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The authorities responsible for the life and safety of all detainees in Venezuela must immediate stop withholding medical care. The neglect of the health of Emirlendris Benítez, Juan Carlos Marrufo and María Auxiliadora Delgado is unacceptable and violates their human rights. All three need urgent medical attention, which authorities under your command must provide immediately.

Emirlendris Benítez’s is a mother, sister and businessowner who should have never been detained, let alone endure an unfair 30-year prison sentence. She is victim of arbitrary detention, torture, gender-based violence, discrimination, unfair trial, and inhumane prison conditions. As a result of all these injustices, she requires urgent surgery to treat potentially life-threatening health conditions. It is within your power to put a stop to her suffering and avoid irreversible damage.

María Auxiliadora Delgado and Juan Carlos Delgado have been unfairly detained for approximately three years. Both require urgent medical tests to diagnose and treat health conditions that put their safety, and potentially their lives, at risk. They were first arrested on 19 March 2019 by the General Directorate of Military Counterintelligence (DGCIM). They are victims of arbitrary detentions, inhumane detention conditions, and have been deprived of their plans of growing their family.

Emirlendris Benítez, Juan Carlos Marrufo and María Auxiliadora Delgado should be immediately and unconditionally released. While they remain in custody of the state, you must guarantee their life and safety. We urge you to urgently grant them access to trusted and adequate medical care, including urgent testing and treatment.


Emirlendris Benitez is a Venezuelan mother, sister, and tradeswomen. On 5 August 2018, Emirlendris was arbitrarily detained on fabricated grounds. Authorities falsely linked her to acts of violence committed against high-profile political leaders in Venezuela; an accusation for which there is no evidence and which she has consistently stated that she had no part in. In custody, she was subjected to torture while pregnant. A few weeks after her arrest, she was forcibly transferred to a medical facility and her pregnancy was terminated without her knowledge or consent. The torture she was subjected to left her needing the long-term use of a wheelchair for mobility. In 2022, she was sentenced to a 30-year prison sentence by a partial and politically motivated court. Emirlendris should have never been detained, as it is believed the charges are politically motivated. Furthermore, the draconian sentence against her should be revoked and she must be immediately released.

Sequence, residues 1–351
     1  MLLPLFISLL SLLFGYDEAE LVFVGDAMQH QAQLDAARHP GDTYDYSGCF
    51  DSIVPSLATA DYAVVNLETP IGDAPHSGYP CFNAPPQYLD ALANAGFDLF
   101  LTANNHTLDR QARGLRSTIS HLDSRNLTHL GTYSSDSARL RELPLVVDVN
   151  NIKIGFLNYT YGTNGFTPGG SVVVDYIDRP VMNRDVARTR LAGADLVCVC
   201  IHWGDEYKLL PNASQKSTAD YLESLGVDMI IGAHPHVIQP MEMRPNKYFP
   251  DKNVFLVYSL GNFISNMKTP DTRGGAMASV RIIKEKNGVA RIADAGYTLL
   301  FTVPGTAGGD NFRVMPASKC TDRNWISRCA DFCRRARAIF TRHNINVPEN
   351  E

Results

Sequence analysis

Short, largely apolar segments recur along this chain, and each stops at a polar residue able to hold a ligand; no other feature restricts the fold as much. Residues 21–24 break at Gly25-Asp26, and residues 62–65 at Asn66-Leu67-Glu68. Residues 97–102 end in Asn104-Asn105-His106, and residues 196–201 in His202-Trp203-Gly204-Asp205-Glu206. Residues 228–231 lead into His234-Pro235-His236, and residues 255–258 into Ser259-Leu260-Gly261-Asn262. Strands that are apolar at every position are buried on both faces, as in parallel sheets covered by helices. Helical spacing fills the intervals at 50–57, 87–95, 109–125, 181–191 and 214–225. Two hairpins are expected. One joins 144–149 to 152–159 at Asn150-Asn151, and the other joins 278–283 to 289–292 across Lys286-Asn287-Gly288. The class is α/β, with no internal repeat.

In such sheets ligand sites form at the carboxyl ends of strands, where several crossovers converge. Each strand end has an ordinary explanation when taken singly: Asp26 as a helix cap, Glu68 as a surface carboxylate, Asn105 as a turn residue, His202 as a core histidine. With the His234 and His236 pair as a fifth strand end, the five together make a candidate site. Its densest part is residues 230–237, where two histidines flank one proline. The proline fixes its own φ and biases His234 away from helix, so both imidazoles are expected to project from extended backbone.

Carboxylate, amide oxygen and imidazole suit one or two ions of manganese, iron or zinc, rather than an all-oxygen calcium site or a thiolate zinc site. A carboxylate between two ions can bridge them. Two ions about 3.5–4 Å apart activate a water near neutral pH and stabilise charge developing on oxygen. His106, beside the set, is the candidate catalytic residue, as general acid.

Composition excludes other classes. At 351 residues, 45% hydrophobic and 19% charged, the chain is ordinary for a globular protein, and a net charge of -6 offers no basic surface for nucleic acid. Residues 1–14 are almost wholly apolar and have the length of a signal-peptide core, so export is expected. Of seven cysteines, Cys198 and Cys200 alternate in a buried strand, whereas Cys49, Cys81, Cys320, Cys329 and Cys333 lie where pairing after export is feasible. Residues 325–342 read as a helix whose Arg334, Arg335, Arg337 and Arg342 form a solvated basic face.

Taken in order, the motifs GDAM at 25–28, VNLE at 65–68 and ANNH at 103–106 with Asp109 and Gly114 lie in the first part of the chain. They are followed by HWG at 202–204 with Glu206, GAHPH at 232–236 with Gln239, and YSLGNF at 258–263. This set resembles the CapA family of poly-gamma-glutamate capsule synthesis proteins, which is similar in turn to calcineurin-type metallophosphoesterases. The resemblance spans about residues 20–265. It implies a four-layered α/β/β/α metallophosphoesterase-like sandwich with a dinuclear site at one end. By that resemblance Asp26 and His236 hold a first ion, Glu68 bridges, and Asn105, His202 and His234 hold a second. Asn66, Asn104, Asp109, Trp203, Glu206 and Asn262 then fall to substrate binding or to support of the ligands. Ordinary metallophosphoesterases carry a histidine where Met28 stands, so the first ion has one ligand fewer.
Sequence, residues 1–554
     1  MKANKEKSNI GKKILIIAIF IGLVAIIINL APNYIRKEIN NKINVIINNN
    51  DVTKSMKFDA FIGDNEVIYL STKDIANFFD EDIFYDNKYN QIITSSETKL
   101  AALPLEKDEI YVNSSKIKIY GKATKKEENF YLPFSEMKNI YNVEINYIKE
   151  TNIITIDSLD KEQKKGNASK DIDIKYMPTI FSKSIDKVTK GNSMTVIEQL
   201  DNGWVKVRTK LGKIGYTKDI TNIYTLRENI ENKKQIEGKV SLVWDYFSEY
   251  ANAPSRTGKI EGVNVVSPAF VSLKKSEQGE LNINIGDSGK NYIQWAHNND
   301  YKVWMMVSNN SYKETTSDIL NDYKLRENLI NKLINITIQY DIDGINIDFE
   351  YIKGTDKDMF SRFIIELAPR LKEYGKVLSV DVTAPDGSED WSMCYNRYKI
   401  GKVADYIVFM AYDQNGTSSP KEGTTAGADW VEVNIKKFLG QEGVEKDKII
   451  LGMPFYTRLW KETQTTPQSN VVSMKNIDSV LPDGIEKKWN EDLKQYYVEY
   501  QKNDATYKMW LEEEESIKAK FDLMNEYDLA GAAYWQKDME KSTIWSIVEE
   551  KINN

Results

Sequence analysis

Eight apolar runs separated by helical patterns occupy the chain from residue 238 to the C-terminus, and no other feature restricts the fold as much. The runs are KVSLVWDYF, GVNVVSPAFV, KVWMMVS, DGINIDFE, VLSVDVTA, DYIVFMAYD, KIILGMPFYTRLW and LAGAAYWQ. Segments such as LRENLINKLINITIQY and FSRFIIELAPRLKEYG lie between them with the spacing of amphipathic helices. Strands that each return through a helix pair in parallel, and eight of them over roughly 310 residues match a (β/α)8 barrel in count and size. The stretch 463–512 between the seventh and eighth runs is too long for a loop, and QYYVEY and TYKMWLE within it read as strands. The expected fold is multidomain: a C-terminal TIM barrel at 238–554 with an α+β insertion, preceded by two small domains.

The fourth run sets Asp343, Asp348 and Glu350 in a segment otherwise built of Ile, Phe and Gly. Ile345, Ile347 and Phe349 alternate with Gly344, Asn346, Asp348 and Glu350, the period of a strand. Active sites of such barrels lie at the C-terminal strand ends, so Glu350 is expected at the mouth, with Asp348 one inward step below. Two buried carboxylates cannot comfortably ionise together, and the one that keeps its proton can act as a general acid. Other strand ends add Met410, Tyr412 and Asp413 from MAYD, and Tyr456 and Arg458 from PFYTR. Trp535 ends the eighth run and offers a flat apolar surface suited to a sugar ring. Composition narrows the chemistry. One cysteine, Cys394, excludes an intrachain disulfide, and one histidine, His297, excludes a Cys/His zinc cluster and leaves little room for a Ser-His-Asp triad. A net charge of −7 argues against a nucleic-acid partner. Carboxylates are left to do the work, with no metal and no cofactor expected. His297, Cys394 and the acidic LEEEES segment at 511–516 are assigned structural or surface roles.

Juan Carlos Marrufo and María Auxiliadora Delgado were first arrested on 19 March 2019 by the General Directorate of Military Counterintelligence (DGCIM). They are a married couple, holding dual Spanish and Italian nationalities, respectively. They had decided to undergo an in vitro fertilization treatment when they were arrested. Their only connection to criminal offenses seems to be limited to María Auxiliadora being the sister of a retired military officer with alleged ties to an attack on Nicolás Maduro. Not only are they victims of arbitrary detentions, but they have also been deprived of their plans of growing their family. While María Auxiliadora remains in custody of the DGCIM at their detention center in Boleíta, Caracas, Juan Carlos was unexpectedly transferred to the prison referred to as Rodeo I. They require immediate medical tests and diagnosis.

Their detentions are not an isolated issue. They fall within a widespread and systematic use of arbitrary detentions -amongst other international crimes and human rights violations- used to target those considered critical of Nicolas Maduro’s government and could therefore constitute crimes against humanity. Other victims of arbitrary detention include human rights defender and prisoner of conscience Javier Tarazona, detained since July 2021, and human rights defender Rocío San Miguel, who was forcibly disappeared for five days and continues to be detained since 9 February 2024.

Civil society organisations face systemic threats from the government in Venezuela. Nicolás Maduro’s government has continually harassed, prosecuted, and censored activists and civil society organizations working to protect the rights of Venezuelans amidst a complex humanitarian emergency and a deep human rights crisis that is making Venezuelans flee in unprecedented numbers in search of safety and protection. By November 2023, over 7.72 million had fled the country, representing over 25% of the country’s total population.

Since 2020, four reports from the independent international fact-finding mission on the Bolivarian Republic of Venezuela have thoroughly documented hundreds of cases of extrajudicial executions; enforced disappearances; arbitrary detentions; and torture and other cruel, inhuman or degrading treatment committed in the country since 2014; as well as the ways in which the justice system serves as a tool for the government’s policy of repression, and concluded that these grave human rights violations may amount to crimes against humanity.